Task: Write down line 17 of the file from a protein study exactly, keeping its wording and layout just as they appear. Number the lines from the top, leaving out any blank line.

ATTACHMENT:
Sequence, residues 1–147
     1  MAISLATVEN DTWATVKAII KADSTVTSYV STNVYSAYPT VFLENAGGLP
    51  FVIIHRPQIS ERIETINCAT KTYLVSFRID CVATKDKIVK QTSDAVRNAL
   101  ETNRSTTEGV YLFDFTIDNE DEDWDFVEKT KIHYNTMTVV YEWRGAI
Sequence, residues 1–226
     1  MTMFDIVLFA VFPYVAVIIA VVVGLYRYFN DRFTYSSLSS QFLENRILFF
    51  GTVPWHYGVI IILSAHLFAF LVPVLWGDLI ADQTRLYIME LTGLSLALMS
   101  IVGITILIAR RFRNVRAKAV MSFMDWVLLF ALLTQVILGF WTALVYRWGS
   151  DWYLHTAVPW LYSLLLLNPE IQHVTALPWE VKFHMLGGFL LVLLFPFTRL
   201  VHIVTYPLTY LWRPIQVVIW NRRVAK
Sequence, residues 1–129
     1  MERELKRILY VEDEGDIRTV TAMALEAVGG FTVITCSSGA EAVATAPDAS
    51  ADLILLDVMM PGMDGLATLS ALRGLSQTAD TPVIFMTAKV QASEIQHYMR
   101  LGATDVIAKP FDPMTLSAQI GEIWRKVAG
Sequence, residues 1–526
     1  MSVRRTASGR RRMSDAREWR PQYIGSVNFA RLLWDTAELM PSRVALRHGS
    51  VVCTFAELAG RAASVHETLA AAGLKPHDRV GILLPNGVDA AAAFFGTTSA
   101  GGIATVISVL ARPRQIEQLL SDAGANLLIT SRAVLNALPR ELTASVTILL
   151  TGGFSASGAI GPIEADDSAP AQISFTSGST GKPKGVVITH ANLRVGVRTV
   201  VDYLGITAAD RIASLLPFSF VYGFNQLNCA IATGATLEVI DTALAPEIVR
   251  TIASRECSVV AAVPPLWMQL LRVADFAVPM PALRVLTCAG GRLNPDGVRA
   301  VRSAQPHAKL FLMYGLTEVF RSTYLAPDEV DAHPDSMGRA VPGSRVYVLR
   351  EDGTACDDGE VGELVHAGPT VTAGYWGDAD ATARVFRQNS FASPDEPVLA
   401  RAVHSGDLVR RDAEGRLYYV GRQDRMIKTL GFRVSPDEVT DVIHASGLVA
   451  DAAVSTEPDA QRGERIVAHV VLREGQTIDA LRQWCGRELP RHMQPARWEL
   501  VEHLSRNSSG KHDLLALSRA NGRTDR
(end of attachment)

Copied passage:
    51  VVCTFAELAG RAASVHETLA AAGLKPHDRV GILLPNGVDA AAAFFGTTSA